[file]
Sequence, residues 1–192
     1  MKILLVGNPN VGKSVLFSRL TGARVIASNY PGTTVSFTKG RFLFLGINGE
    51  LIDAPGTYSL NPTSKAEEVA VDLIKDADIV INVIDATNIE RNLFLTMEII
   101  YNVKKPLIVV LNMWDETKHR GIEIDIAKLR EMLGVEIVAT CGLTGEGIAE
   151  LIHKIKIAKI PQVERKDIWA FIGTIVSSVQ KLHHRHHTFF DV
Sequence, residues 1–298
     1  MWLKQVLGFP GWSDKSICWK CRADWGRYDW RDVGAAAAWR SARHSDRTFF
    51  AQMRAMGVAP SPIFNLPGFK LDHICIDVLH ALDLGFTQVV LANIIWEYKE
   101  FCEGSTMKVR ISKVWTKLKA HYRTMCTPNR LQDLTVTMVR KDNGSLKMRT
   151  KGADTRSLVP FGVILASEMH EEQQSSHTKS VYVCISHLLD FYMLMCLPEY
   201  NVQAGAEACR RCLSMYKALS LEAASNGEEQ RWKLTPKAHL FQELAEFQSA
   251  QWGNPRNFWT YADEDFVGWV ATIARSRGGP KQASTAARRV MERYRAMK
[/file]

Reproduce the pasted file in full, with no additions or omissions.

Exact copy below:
Sequence, residues 1–192
     1  MKILLVGNPN VGKSVLFSRL TGARVIASNY PGTTVSFTKG RFLFLGINGE
    51  LIDAPGTYSL NPTSKAEEVA VDLIKDADIV INVIDATNIE RNLFLTMEII
   101  YNVKKPLIVV LNMWDETKHR GIEIDIAKLR EMLGVEIVAT CGLTGEGIAE
   151  LIHKIKIAKI PQVERKDIWA FIGTIVSSVQ KLHHRHHTFF DV
Sequence, residues 1–298
     1  MWLKQVLGFP GWSDKSICWK CRADWGRYDW RDVGAAAAWR SARHSDRTFF
    51  AQMRAMGVAP SPIFNLPGFK LDHICIDVLH ALDLGFTQVV LANIIWEYKE
   101  FCEGSTMKVR ISKVWTKLKA HYRTMCTPNR LQDLTVTMVR KDNGSLKMRT
   151  KGADTRSLVP FGVILASEMH EEQQSSHTKS VYVCISHLLD FYMLMCLPEY
   201  NVQAGAEACR RCLSMYKALS LEAASNGEEQ RWKLTPKAHL FQELAEFQSA
   251  QWGNPRNFWT YADEDFVGWV ATIARSRGGP KQASTAARRV MERYRAMK